Google’s Nexus 7 tablet, made by Asus, is built to take on the Kindle Fire. Photo: Ariel Zambelich/Wired
Google I/O’s day-one keynote could be fittingly tag-lined “Android Reloaded.”
On Wednesday, Google unveiled Android 4.1, aka Jelly Bean, complete with revamped voice features that make Android a clear rival to Apple’s Siri. Also revealed was the Nexus 7, a tablet tailored to purchasing and consuming books, magazines, music, movies and TV shows. It’s a clear bid to challenge Amazon’s Kindle Fire.
It’s patently obvious that Google knows who Android’s biggest rivals are.
Google also unveiled Nexus Q, a streaming-audio device that’s entirely dependent on Android and Google’s cloud services. We have an exclusive look at it here. For now, let’s dig deep into the new 7-inch tablet and mobile OS.
The Nexus 7, built by Asus and designed in concert with Google, will be the first device to ship straight out of the box running Jelly Bean. The tablet, which we just received from Google and will have a hands-on with later, is impressive. It’s lightweight, it’s thin, it’s fast and it makes for a pleasant book- and magazine-reading experience. The home screen of the Nexus 7 features a “my library” widget that puts front and center all the content you’ve purchased from the Google Play online storefront.
Other widgets offer recommendations on apps, magazines and video that you might like — all these suggestions are based on what you’ve already purchased from Google Play. And, as always, all of your content is stored in the cloud to be streamed or downloaded at will. All of these Nexus 7 features deliver punch for punch what Amazon offers in the Kindle Fire, and at the same $200 price point.
But where Google and Asus one-up the Fire is in the level of hardware the Nexus 7 packs. Inside the device is Nvidia’s Tegra 3 quad-core processor, a 12-core Nvidia GPU, 1GB of RAM and a display sporting a 1280×800 resolution and 178-degree viewing angle. The tablet also supports bluetooth and NFC, and includes a front-facing camera — three features the Fire doesn’t have.
Google also made a point of noting that Google Play offers the largest online eBook store as well, with more than 4 million books for download.
Jelly Bean and Google’s Siri Fighter
While Jelly Bean is officially making its debut on the Nexus 7, the Samsung-built Galaxy Nexus smartphone won’t be left out either. Google is delivering Android 4.1 as a mid-July, over-the-air update to the Galaxy Nexus, which was reduced from $399 to $349 in Google Play on Wednesday.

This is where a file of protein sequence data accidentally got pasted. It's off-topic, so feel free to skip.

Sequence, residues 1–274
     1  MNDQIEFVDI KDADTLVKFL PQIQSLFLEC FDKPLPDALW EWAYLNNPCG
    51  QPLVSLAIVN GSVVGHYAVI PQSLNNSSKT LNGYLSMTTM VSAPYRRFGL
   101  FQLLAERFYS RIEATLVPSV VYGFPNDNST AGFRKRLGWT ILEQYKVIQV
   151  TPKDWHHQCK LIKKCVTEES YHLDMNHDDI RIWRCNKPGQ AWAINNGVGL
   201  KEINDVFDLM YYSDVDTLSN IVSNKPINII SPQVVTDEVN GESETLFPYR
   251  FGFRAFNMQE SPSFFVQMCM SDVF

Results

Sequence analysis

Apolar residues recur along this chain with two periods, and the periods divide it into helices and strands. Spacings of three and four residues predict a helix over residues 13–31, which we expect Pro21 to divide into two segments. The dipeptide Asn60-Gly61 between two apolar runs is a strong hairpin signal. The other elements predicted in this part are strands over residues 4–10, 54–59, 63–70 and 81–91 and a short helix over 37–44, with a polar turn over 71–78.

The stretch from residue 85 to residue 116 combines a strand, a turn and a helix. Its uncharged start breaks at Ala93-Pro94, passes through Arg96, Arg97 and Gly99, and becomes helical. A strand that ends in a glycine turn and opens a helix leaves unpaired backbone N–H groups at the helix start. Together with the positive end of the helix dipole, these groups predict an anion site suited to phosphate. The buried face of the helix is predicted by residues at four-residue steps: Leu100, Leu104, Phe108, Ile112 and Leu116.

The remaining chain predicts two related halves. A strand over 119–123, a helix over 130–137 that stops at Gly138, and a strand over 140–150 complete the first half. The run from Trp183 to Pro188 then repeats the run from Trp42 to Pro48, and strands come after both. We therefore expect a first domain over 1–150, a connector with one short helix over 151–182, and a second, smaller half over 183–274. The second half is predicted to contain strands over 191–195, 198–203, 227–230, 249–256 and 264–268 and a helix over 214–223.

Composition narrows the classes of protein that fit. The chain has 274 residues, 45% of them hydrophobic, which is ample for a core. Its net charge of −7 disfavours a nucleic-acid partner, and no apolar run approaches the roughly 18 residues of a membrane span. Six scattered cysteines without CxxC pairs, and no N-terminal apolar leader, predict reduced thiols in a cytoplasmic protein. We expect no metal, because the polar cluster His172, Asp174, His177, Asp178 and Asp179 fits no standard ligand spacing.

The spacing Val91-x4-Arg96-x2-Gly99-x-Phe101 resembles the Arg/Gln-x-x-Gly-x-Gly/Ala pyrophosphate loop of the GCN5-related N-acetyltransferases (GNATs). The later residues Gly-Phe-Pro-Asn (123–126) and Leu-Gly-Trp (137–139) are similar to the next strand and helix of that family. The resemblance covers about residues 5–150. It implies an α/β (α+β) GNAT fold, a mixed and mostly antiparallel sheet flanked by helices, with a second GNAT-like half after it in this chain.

Most of Jelly Bean’s upgrades are focused on polishing what Google started in Android 4.0, aka Ice Cream Sandwich. A project called Butter is focused on speeding up the frame rate of the Android UI to 60 frames per second, about the speed of today’s top console videogames. Google achieved this by altering Android so that it can tap into a device’s CPU, GPU and display to get all three running in parallel, said Dave Burke, an Android product manager. What this actually results in is a much smoother experience in navigating and launching apps throughout the stock Android experience. Butter’s features are available to all developers in the Jelly Bean software development kit, which Google released Wednesday.
The most noticeable changes ushered in by Jelly Bean will definitely be in the search and voice side of things.
Google’s voice features have always been among the best on any phones, allowing users to place a call, rattle off a text message or email, listen to music, navigate to locations in Google Maps, set an alarm and, of course, search the web. But with Siri, Apple gave the iPhone (and soon the iPad) most of those functions in the form of a voice-activated assistant that spoke back to users, sometimes with a bit of humor.
In Jelly Bean, Google has a proper Siri fighter, but she has no fancy name a la Siri or Samsung’s S Voice. In Jelly Bean, the voice assistant simply emerges with a tap of the microphone icon in the ever-present search box on Android’s home screens. And she works well, understanding a decent amount of natural language. Before, in previous versions of Android, when you searched by voice you received simple text results. But now the unnamed assistant talks back in a smoother, less robotic-sounding female voice than Siri and S Voice. She also provides sports scores, weather information, historical facts, geographical facts, and image search results. And all of this information is delivered via a series of cards that Google is calling Google Now cards.
Google Now cards, brought up using Google’s Siri-fighting voice feature, are a much more attractive way of providing search results than a series of blue links. Photo: Ariel Zambelich/Wired
These cards also appear whenever you use a new Google Now search feature. With an upward swipe from the bottom of the screen, a full-screen search app appears, and recent Google Now cards (whether found by this app or voice search) show up beneath a search box, with traditional Google blue-link web search results below that. The cards don’t necessarily present any information Google didn’t already deliver via its blue links, but surfacing information onto the cards in undeniably more attractive and better suited to the smaller screens of smartphones and 7-inch tablets.
We’re still digging into Jelly Bean on the Galaxy Nexus and all the Nexus 7 has to offer. Stay tuned.